Video Production Tips

What does FPS mean? Why You Need to Understand Video Frame Rates

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Do you remember the iconic scene from The Matrix Trilogy where Neo dodges bullets in a super slow motion shot? This was created by controlling the FPS or frame rate to slow down or speed up time in a video.

We guarantee that once you know and understand FPS or video frame rates, you will never look at videos the same way again!

So, is FPS just a way to control the speed of your video? What does FPS mean? What frame rate should you be filming in? How many frames are there in 1 second? If you’ve been wondering about these terms and what they mean while making videos, follow along as we explore them:

  • What does FPS mean? 

  • What FPS should you shoot at?

  • Fun Facts on TV and FPS

  • FPS in Cinema and YouTube

  • FPS in Gaming

What does FPS mean?

Frames Per Second or FPS is the rate at which back to back images called frames appear in a display and form moving imagery. 

Video content that we consume daily isn’t actually moving. In fact, they are still images that play one after the other. If a video is shot at 24fps, this means that 24 individual frames are played back in a second. They change at a different rate across mediums depending on a lot of other factors. 

High FPS people running example - What does FPS mean and why you should understand frame rates

How many frames are in 1 second of video? What FPS should you shoot videos at?

There are 24 frames in 1 second of video. This is the standard frame rate for videos.

Regarding what frame rate you should shoot videos at, it depends on the kind of video you’re aiming for. 

  • Cinematic: If you’re aiming for a cinematic look then 24fps is for you.

  • Social Media Videos, Ads and YouTube:  If you’re shooting it for social media it can be at 30fps which is the default and most widely used format. If you’re shooting action videos and you want them to look more realistic or play around with them later, we suggest you shoot at 50 or 60fps. 

  • Old School: If you want the film to look old (think a Charlie Chaplin movie!), you can shoot at 12-16fps.

30 and 60 are the most common fps available on smartphones for your regular social media posts. Shooting at higher FPS will deliver smooth footage and also give you the ability to slow it down processing it through a video editor without any jitters or shakes. This is used mostly in case of a slo-mo video.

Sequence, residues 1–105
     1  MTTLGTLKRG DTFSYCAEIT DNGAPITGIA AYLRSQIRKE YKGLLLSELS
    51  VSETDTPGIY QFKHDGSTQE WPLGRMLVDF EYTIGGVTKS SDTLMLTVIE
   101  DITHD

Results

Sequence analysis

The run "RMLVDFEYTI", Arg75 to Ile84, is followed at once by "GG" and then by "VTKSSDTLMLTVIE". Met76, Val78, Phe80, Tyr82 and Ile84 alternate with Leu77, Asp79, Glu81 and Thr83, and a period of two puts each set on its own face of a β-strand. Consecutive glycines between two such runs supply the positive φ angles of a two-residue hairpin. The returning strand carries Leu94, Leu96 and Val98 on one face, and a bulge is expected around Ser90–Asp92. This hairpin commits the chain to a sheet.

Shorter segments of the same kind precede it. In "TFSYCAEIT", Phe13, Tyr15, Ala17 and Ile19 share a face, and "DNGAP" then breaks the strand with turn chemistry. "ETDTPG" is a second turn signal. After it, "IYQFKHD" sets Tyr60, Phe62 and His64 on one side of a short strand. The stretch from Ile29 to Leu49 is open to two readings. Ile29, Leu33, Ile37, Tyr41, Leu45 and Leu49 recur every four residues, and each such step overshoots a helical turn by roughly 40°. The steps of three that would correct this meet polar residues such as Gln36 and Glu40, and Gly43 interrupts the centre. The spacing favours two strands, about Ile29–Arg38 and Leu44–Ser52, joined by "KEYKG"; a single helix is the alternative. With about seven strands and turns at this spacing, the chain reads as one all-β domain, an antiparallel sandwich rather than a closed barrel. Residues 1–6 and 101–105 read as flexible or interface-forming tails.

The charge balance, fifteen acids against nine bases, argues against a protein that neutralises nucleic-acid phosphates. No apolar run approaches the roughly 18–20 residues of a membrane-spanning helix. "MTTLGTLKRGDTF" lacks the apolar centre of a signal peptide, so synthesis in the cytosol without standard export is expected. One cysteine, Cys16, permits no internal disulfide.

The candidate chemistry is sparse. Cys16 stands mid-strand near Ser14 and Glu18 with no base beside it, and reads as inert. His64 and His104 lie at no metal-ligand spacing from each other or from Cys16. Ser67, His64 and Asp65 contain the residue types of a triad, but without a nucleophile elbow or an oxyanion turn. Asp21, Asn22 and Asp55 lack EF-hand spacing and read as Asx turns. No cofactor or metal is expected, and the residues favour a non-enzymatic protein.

Anything above 60fps or higher can be used for a slo-mo, some phones have a slo-mo mode built-in that shoots in 240fps and this enables you to slow the video down 10 times later using a video editor. 

Here’s a video highlighting the difference in a very simple manner:

Fun facts on TV and FPS

Did you know that a movie being broadcasted over TV in your living room can have a different frame rate than your cousin living in a different part of the world? This happens because there are Three Television broadcast frequencies across the world with different fps namely NTSC, PAL, and SECAM.

  • NTSC stands for National Television Standards Committee; it was the first television standard for the US which was later used in Japan, Canada, and many other countries. NTSC is displayed at 29.97 frames per second. 

  • PAL stands for Phase Alternate Line is played in European countries and is displayed in 25 frames per second. 

  • SECAM stands for Sequential Color and Memory and is used in China, Russia, Pakistan, and a few other countries. It is also displayed in 25 frames per second but it is incompatible with PAL due to the way its processes color information. 

What does FPS mean? Why You Need to Understand Video Frame Rates  

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FPS in Cinema and YouTube

We mentioned The Matrix bullet-time scene, didn’t we?

Neo matrix bullet scene FPS in cinema example - Clipchamp blog

That was shot at an extremely high frame rate to slow down time to such an extent that we see a bullet passing by alongside using a lot of VFX. 

The standard fps in the cinema is 24 fps. YouTubers often use this for cinematic footage and B-rolls.

A film can be shot at a higher fps in some portions and can later be pulled down to 24 fps to match the other shots. 

The video output after exporting has a constant fps throughout the video. That's because video output cannot have multiple frames per second in different shots throughout the video.

FPS in Gaming 

In gaming, fps depends on the capacity of one’s graphic card and overall system. A better setup helps render out more frames per second and that allows smoother gameplay. 

In the case of the popular first-person shooter games, the player with the higher fps has a slight advantage over the player with lower fps. This is because the one with the higher fps can experience seamless gameplay and it’s easier for the player to pick on their targets! 

Games can be anywhere around 30 and 60 to 240fps.  

A player can also benefit from having a monitor with a higher refresh rate.  In fact, there are several online tools available that work as an fps counter.

first person shooter game fps example clipchamp blog

Now that you know all about FPS, will you be looking at videos the same way?

Looking to control the speed of your video? Follow our easy step-by-step guide to slow down or speed up your video

The possibilities are limitless when you edit and play with your video clips on Clipchamp’s video maker, so get started!

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